State pupils deserve lower university offers, says study

6th May 2005 at 01:00
AUSTRALIA

The advantages of a private education dissipate once a student enters university, according to a new study.

The findings reinforce the case for giving state-educated pupils lower offers for entry to university courses than private pupils, researchers from Monash university said.

"These results ought to cause some tremors among higher-education policy makers," said the researchers. "Bright students from government schools are disadvantaged in Year 12 (the final year of secondary school)."

The study of students beginning university courses between 2000 and 2003 found those from state schools achieved significantly higher marks in their first year than counterparts from private and Catholic schools with the same entry scores.

As in the UK, Australian universities currently admit a far higher proportion of applicants from private schools, who generally have higher entry scores than those from state schools.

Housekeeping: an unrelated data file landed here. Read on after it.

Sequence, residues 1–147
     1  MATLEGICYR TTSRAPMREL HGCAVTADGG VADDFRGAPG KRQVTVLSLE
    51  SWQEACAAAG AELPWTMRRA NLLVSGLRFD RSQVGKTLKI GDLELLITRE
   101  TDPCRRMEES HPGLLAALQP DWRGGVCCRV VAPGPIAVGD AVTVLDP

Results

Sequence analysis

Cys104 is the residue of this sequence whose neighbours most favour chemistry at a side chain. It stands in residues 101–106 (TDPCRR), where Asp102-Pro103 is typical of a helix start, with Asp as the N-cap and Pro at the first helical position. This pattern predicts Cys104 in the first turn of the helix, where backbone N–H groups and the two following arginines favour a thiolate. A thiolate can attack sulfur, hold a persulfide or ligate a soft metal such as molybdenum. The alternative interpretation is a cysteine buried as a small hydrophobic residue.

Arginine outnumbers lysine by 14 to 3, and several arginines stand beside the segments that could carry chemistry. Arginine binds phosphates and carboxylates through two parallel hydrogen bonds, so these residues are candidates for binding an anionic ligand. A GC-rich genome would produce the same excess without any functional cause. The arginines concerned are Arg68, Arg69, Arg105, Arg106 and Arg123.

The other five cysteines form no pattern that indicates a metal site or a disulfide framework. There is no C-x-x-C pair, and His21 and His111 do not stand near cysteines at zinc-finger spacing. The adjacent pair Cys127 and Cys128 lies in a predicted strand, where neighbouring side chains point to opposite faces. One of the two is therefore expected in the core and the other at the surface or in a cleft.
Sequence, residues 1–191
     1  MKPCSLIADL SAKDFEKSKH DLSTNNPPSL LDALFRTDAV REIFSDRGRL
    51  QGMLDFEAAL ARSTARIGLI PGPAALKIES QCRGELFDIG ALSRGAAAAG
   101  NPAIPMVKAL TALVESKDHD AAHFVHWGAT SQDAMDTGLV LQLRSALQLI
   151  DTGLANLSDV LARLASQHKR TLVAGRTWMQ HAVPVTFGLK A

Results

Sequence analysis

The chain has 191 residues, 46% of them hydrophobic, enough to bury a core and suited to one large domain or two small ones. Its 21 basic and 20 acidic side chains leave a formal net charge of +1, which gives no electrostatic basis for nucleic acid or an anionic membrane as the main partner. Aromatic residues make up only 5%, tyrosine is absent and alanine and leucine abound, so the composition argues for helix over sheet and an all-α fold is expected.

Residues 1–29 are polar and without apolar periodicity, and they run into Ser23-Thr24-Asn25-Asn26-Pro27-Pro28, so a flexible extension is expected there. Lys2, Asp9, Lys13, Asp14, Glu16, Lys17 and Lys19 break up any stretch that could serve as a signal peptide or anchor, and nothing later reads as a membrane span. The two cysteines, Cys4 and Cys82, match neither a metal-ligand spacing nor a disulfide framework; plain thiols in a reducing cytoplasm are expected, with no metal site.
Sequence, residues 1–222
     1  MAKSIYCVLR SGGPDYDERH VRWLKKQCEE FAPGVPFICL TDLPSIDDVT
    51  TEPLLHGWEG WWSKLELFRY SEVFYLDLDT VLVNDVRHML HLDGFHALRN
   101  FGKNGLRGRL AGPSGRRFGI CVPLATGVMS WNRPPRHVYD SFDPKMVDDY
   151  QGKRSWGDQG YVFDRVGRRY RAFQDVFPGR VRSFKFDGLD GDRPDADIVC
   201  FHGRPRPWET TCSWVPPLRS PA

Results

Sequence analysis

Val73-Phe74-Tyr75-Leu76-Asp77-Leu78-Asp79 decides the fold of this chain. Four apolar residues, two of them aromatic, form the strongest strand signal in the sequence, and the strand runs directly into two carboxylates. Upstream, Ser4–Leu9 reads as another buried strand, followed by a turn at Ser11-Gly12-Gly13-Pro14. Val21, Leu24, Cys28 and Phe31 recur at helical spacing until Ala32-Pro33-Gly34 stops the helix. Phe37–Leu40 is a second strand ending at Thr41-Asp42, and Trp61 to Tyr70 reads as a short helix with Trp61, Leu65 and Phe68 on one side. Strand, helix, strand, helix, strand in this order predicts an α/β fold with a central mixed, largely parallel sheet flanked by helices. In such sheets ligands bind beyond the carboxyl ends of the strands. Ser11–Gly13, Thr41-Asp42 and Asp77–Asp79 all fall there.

But state students with lower entry scores performed as well as those from private schools with much higher scores.

The researchers say the findings have significant implications for universities' admissions and equity policies. They suggest that universities should give students extra credit for their exam scores when places are being allocated.

The researchers say their findings are consistent with the argument that private schools "add more value" than government schools. But once on the "level playing field" at university, state students tend to do better.

They note that research by the Higher Education Funding Council for England in 2003 also found that while government-funded schools achieved lower A-level grades than private schools, the state students did better at university. "As reported by the BBC, some commentators argue that pupils from state schools should be given lower offers than those at independent schools," said the Monash researchers.

They report that in Victoria in 2002, independent-school students represented less than 20 per cent of all final-year students who applied for a university or technical college place. Yet they made up 35 per cent of those admitted to Monash in 2003.

Similarly, Catholic school students made up 22 per cent of all applicants, but won 25 per cent of the Monash places.

State-school students made up 59 per cent of those applying for university but only 40 per cent of those admitted.

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